"Company Directors deserve not only to be properly protected financially in this crisis, but also to have their contribution to our economy properly recognised. "
Helen Millne, Deputy CEO of The Women's Org
Leading social enterprise, The Women’s Organisation, is working with civil servants to resolve the issue and is urging the Government to reconsider and plug the gaps in its COVID-19 financial support package to better protect Company Directors.
The Women’s Organisation is warning that there are thousands of businesses, and therefore jobs, at risk because these owner/ Directors have no access to an appropriate packet of financial support which would facilitate business sustainability.
It is drawing attention to the plight of Company Directors who are not self-employed and are paid through their company on minimum salary, receiving the majority of their income through annual Dividends.
Many directors have paid tax both through PAYE on their low-level earnings and through self-assessment for the Dividends they have received from the companies’ profits.
The Liverpool-based organisation says that the current Government schemes intended to support businesses to survive the pandemic and be ready to thrive once the lockdown is loosened are not providing lifeline resources to this group in the way that is needed.
The organisation acknowledges that the Small Business Grant Fund (SBGF) is available to those in smaller premises, but this figure will be relatively low. And while the Coronavirus Business Interruption Loan Scheme (CBILS) and Bounce Back loans are available to these businesses, loans are not the right solution for these personal income issues.
Whilst these Directors would be eligible for the Coronavirus Jobs Retention Scheme by Furloughing themselves from their roles as employee and director of their own company, The Women’s Organisation points out that both their income would be unviable and, critically, furloughing would mean they could not undertake vital tasks within the company to maintain its viability and ensure the business is able to restart trading.
One Liverpool Company Director shared their experience: “Within hours of lockdown all but two of my clients stopped their retained fees, leaving me with no alternative but to furlough my seven staff members. I tried to service the two projects and maintain the business myself but was forced to give up and furlough myself.
“Despite that I am maintaining company information, battling to get loan funding to enable me to restart at the point we are allowed. I earn a little over £700 per month before I earn profit related dividends - of which I have no profits to speak of since lockdown. All government routes to grant aid outside of the furlough scheme do not apply to me. I cannot see why it is so difficult to make a case to support company directors who create valuable employment to keep the economy moving.”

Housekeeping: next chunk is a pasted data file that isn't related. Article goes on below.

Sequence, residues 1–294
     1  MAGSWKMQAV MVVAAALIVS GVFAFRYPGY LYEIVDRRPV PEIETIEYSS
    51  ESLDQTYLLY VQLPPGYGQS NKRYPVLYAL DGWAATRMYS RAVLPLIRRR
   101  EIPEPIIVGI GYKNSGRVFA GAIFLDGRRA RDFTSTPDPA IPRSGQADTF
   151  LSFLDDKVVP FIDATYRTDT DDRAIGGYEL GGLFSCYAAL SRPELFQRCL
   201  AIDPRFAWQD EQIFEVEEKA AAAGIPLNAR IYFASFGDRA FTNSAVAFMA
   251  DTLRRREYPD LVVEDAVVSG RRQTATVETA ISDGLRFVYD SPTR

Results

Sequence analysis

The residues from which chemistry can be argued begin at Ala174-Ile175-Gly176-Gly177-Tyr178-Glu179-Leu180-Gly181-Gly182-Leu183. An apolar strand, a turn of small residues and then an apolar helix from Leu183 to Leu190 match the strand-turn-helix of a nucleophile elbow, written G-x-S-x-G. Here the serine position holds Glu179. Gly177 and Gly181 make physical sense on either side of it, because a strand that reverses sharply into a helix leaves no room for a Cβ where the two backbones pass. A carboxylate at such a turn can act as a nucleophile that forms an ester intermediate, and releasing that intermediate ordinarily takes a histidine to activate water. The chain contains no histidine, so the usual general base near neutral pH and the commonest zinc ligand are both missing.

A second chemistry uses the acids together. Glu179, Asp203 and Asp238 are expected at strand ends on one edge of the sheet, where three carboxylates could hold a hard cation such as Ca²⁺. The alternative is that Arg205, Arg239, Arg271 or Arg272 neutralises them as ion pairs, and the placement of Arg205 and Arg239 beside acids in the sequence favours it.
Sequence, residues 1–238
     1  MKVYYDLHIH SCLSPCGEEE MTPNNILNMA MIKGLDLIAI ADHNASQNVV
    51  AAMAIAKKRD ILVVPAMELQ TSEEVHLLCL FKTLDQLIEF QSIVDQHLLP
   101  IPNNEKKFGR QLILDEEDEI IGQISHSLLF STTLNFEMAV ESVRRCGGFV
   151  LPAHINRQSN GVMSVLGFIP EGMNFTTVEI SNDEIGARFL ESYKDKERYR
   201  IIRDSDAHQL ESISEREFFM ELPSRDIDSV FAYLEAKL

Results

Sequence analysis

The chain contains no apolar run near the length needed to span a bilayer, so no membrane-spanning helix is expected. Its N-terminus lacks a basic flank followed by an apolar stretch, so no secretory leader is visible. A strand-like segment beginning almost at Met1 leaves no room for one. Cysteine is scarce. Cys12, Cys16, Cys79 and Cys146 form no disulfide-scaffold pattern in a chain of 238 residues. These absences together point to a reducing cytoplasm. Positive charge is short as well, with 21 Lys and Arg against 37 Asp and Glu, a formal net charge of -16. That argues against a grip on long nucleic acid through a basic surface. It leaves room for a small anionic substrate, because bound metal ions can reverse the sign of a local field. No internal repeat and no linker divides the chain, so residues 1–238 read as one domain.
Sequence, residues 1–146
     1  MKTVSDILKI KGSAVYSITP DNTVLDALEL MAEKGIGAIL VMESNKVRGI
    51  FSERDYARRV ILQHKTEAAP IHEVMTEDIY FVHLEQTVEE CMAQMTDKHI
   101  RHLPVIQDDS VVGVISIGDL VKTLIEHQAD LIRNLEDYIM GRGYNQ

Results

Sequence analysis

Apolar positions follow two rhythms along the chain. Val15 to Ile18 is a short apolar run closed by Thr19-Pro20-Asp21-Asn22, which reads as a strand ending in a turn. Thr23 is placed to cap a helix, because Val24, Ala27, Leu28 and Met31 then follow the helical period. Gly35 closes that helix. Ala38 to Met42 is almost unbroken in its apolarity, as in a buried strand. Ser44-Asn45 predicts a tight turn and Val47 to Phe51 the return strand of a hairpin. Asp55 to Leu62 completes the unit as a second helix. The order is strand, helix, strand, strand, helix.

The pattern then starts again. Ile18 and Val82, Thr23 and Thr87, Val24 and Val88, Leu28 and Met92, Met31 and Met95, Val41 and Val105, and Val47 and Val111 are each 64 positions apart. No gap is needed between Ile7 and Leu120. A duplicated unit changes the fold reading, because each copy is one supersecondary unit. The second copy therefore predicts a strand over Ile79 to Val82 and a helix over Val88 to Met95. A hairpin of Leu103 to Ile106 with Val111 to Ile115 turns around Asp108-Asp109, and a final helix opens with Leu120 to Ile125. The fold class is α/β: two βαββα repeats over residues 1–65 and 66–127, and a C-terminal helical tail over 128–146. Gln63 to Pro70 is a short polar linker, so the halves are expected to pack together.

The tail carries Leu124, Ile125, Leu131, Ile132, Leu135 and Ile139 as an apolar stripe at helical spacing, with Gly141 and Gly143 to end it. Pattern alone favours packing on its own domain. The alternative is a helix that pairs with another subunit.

According to BEIS research (2019) there are 2 million actively trading companies (not including sole traders or partnerships) in the UK, with just over half of all Limited Companies employing staff and just under half only employing their owner/director(s).
This means that Limited Companies provide stable employment to at least 2 million people.
Helen Millne, Deputy CEO of The Women’s Organisation, said: “Limited Companies provide valuable products and services to their communities, generating significant income and employment to the UK economy. Company Directors deserve not only to be properly protected financially in this crisis, but also to have their contribution to our economy properly recognised.
“As it stands, a very large proportion of 2 million Company Directors are now left with no income, no support, and perhaps no business to return to. What is more, over 55% of these Directors employ staff meaning that the subsequent number of jobs at risk from these businesses failing is incredibly significant.
“We are hopeful that Government ministers and the treasury will be looking to develop a timely and effective support package which better reflects the contribution of this group to our economy and properly protects the income of thousands up and down the country”.
The Women’s Organisation has put forward a number of recommendations to the Government for extending the current schemes, so that they can best serve Company Directors and secure the sustainability of these businesses and ensure that they can be prepared for the recovery phase.
The first recommendation is to introduce a scheme specifically designed for Directors which replicates and acts as an alternative to the Self Employment Income Support Scheme, and that provides three months of their monthly dividend pay-out and three months of their monthly salary.
The Second option put forward by The Women’s Organisation is to introduce a Directors Retention Scheme, similar to the Coronavirus Job Retention Scheme, that allows Company Directors to continue working to promote the success of their company whilst furloughed.